As many as three out of four women experience a vaginal yeast infection in their lifetime, and many of those women have more than one yeast infection. A yeast infection is rarely serious, but it can be very uncomfortable while it lasts. A yeast infection is the result of different fungi that normally grow in the body growing too rapidly and causing unpleasant symptoms such as intense itching of the vagina and vulva (tissues outside the vagina), and a thick, odorless discharge that may resemble cottage cheese. Some women also experience soreness of the vagina, a burning sensation during urination, and painful sex.
Yeast Infection Causes
The reasons why vaginal yeast infections happen are not fully understood, but there are some conditions that create a favorable environment for the candida fungus to grow rapidly. Some of these reasons include:
- Use of antibiotics, which decreases the healthy, naturally-occurring vaginal bacteria and change the pH of the vagina that allows an overgrowth of yeast.
- Birth control pills, as a result of the increased level of estrogen in the body. Women on high-dose estrogen birth control pills are at risk.
- Hormone replacement therapy. Women who take estrogen for hormone therapy may also get a yeast infection, for the same reason.
- Pregnancy. During pregnancy, hormones are constantly fluctuating, making a yeast infection possible.
- Diabetes. Poorly controlled blood sugar levels can make a woman more prone to a yeast infection.
- HIV/AIDS. The body is less able to protect itself, making yeast infections more likely.
- Douching. Douching disrupts the natural bacteria of the vagina, and is highly discouraged by gynecologists, because the vagina is a naturally self-cleaning organ.
Yeast Infection Diagnosis
If you have never had a yeast infection, you should see your doctor to determine if you have one, or another form of vaginitis. You doctor will perform a pelvic exam to examine the genitals for signs of infection, and then collect a sample of vaginal discharge for examination under a microscope if a vaginal culture test is ordered.
Yeast Infection Treatment
Women who have had yeast infections before do not have to see their gynecologist, they may simply purchase over-the-counter medications such as vaginal creams and suppositories to treat the infection. An uncomplicated yeast infection is one that comes infrequently, has mild or moderate symptoms, and responds to self-care. Women may purchase vaginal cream, ointment or tablets from drugstores that usually clears up the infection and discomfort within 3-7 days. During this time, a woman should refrain from sexual activity.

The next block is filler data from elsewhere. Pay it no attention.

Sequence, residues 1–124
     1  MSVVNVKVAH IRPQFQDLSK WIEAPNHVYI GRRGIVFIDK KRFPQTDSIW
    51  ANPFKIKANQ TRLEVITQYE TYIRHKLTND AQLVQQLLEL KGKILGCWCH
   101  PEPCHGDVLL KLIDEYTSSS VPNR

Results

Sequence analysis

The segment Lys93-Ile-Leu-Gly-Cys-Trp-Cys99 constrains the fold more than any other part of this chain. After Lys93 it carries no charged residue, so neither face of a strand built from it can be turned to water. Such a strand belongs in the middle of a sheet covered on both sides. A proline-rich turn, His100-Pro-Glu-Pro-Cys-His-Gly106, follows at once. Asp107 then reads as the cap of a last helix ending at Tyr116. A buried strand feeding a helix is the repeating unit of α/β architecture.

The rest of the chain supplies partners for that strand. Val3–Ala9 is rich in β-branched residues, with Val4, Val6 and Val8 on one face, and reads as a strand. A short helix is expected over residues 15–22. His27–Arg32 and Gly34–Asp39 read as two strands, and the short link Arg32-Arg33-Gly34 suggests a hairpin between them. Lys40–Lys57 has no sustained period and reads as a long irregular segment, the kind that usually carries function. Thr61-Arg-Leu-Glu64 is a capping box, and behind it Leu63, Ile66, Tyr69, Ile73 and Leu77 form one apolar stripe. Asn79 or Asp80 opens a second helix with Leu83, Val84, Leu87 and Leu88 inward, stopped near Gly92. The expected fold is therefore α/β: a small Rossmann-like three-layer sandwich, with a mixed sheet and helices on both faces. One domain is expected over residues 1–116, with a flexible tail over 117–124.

Complicated yeast infections may call for more long-course vaginal therapy, with cream, ointment, tablets or suppositories being used for up to two weeks. An antifungal medication may be taken to curtail fungus overgrowth. Some women may be given a vaginal suppository to take once a week instead of an oral medication.
During a yeast infection, women should wear loose pants or dresses so the vagina can get adequate air, and women should wear cotton underwear. Tight-fitting underwear, pants or pantyhose should be avoided. Women should also avoid going in hot tubs during a yeast infection, which may worsen the infection. Underwear should be changed frequently, and washed in hot water. Eating yogurt is a way to possibly shorten a yeast infection, but this hasn’t been definitively proven.
This type of vaginal infection is not as well studied as yeast infections, but it is also common. IT begins as a result of an overgrowth of vaginal bacteria.
Bacterial Vaginosis Symptoms
- Intensely itchy vagina
- Sore vagina
- Painful intercourse
- Foul-smelling discharge, especially after sex
- Discolored vaginal discharge
Bacterial Vaginosis Cause
Any woman can get a bacterial vaginal infection, but they are most common in women of childbearing years, and especially in sexually-active women. Bacterial vaginosis is not an STD, although it is theorized that sexual intercourse can cause the infection by repeatedly thrusting bacteria further into the vagina. Some women with new sexual partners may experience a bacterial vaginal infection.
Bacterial Vaginosis Diagnosis
Bacterial vaginosis is diagnosed during a pelvic exam, where a sample of vaginal secretions may be taken and checked under a microscope. A pH test may also indicate bacterial vaginosis, and a more acidic environment is a clue of bacterial vaginosis.
Bacterial Vaginosis Treatment
Your doctor will prescribe a vaginal suppository, and oral medication to kill the infection. Women should be aware that a bacterial vaginal infection cannot be cured with self-care, and over-the-counter medication used to treat yeast infections will not clear up bacterial vaginosis.
If vaginitis has caused you pain and discomfort, it's time you finally got long-lasting relief. Don't go another minute untreated, West Medical is here to help. If you suspect you have a vaginal infection, please call West Medical Gynecology to learn more, or to set up an appointment at (855) 690-0565.
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